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New leukemia study making waves

You've probably already heard about the big news in the cancer world: Researchers at the University of Pennsylvania used gene therapy to successfully treat three patients with chronic lymphoblastic leukemia. As described by Robert Bazell at

In the Penn experiment, the researchers removed certain types of white blood cells that the body uses to fight disease from the patients. Using a modified, harmless version of HIV, the virus that causes AIDS, they inserted a series of genes into the white blood cells. These were designed to make to cells target and kill the cancer cells. After growing a large batch of the genetically engineered white blood cells, the doctors injected them back into the patients.

Two of the three patients are cancer-free one year after their treatment; the amount of cancer cells in the third patient diminished significantly. Bazell quotes Stanford immunologist Edgar Engleman, MD, as saying the results were "remarkable."

Stanford oncologist and cancer vaccine specialist Ronald Levy, MD, agrees that the research showcases an exciting way to harness the power of the immune cells to fight cancers. In fact, many groups around the world are working on variations of the technique, he told me. In particular, Stanford is currently conducting a clinical trial in patients with lymphoma that may be even more amenable for wide-spread use:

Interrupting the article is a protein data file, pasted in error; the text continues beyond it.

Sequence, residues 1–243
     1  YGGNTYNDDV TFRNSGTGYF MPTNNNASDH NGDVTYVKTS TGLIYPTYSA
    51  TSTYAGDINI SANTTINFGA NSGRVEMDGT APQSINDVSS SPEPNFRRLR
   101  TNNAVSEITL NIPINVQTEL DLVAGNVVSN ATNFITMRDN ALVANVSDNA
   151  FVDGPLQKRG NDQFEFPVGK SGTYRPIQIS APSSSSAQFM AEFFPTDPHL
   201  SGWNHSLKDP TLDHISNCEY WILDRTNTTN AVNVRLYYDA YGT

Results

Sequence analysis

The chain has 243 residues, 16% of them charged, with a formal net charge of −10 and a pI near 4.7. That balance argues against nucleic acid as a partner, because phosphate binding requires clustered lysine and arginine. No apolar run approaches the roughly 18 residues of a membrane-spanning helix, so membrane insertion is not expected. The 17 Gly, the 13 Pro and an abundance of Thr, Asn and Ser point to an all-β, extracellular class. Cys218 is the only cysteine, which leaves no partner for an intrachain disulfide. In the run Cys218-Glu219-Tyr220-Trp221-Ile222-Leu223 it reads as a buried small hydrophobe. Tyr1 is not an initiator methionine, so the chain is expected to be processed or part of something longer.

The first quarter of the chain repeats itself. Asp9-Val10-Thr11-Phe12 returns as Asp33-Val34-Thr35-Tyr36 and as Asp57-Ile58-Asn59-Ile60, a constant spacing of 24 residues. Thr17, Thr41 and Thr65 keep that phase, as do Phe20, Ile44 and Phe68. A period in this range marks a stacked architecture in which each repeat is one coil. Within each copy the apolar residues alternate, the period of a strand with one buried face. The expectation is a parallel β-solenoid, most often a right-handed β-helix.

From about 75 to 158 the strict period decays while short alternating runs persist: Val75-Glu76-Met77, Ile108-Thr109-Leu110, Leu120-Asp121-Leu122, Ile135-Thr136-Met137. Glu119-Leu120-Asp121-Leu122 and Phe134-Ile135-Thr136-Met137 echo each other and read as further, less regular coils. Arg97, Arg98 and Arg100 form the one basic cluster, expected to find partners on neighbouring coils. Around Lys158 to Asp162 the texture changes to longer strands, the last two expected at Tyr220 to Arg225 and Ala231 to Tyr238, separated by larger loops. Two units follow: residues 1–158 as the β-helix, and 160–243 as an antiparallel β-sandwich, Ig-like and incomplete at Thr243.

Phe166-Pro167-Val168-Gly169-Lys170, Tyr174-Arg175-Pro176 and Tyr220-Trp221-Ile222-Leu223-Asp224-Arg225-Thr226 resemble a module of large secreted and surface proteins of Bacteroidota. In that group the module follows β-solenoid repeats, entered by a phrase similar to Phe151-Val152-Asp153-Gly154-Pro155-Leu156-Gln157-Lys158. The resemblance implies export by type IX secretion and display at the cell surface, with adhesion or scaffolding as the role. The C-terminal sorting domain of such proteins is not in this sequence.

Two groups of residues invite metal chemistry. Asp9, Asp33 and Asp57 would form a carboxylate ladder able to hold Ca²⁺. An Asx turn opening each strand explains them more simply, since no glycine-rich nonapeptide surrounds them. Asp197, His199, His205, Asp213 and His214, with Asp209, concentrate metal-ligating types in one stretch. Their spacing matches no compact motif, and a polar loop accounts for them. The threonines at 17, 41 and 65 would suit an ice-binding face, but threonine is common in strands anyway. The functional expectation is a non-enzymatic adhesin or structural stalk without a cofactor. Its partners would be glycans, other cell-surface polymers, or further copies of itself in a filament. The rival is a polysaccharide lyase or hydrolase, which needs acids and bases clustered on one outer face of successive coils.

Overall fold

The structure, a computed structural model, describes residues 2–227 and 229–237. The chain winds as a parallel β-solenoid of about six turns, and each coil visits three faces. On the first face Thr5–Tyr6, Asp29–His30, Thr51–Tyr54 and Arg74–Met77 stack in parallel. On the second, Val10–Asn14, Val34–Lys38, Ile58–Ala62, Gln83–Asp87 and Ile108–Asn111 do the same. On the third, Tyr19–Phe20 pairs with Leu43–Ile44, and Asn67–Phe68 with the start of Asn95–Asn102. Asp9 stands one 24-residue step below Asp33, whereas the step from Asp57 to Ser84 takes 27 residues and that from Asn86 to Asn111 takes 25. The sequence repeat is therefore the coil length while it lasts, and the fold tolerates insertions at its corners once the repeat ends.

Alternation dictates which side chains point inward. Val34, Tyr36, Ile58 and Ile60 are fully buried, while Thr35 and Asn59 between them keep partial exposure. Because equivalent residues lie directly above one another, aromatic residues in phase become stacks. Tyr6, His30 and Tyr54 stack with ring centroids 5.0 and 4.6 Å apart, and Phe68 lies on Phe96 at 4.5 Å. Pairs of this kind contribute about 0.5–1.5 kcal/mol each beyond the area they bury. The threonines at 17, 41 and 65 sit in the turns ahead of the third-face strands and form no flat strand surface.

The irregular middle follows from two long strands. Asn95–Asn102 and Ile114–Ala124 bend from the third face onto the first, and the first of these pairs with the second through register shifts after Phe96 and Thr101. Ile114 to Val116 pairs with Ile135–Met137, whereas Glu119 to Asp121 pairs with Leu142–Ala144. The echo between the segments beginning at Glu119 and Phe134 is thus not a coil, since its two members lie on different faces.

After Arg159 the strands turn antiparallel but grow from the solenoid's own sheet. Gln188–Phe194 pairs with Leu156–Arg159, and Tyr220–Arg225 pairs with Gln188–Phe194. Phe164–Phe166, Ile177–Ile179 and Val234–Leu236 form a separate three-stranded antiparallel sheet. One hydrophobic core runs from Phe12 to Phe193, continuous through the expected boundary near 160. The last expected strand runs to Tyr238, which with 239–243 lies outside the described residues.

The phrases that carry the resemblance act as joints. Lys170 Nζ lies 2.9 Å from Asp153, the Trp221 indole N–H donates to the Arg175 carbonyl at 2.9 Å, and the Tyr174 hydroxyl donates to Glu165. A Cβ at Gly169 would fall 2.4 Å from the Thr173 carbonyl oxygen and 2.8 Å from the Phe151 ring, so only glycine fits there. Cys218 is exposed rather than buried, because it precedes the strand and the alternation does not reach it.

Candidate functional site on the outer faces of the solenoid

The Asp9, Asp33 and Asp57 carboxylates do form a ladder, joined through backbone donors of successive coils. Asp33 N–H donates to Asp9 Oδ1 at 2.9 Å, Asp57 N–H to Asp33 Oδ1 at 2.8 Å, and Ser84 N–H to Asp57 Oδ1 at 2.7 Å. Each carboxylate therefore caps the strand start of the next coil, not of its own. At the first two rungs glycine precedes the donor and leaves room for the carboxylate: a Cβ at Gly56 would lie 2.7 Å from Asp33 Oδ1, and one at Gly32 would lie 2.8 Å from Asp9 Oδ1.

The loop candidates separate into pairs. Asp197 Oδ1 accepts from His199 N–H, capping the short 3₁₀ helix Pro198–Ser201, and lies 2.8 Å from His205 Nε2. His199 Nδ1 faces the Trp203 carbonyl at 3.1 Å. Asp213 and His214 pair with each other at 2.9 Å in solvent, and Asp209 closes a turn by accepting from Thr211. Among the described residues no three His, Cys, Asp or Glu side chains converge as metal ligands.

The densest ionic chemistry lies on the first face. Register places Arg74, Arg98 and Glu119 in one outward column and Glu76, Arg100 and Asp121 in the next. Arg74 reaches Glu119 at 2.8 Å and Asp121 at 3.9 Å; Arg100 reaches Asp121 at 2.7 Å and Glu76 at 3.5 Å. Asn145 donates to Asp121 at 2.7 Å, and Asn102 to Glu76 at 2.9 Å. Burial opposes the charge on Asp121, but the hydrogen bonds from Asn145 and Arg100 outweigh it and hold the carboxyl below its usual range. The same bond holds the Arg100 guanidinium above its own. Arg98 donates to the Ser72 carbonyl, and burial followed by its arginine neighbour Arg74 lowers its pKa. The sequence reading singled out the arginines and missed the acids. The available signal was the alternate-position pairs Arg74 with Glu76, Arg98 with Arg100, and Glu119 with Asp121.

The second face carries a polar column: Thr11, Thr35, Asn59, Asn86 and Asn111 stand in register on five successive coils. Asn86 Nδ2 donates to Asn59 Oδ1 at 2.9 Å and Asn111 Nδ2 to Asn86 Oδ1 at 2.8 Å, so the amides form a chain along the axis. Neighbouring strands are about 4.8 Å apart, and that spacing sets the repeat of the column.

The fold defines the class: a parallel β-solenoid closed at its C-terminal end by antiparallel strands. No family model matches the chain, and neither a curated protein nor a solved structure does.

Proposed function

Rather than using gene therapy - which requires the efficient expression of a foreign gene designed in the laboratory - to get the T cell to attack and kill tumor cells, we vaccinate the patient with proteins expressed on the surface of their lymphoma cells. We then remove and isolate the resulting T cells, which have been naturally primed to attack the tumor. These cells are then returned to the patient after radiation treatment, where they proliferate and kill tumor cells. This may be a much more practical way to generate cancer-specific T cells.

I've written before about Levy's work to recruit the immune system to fight lymphoma. It's exciting to realize that these methods are one step closer to helping patients with cancer.

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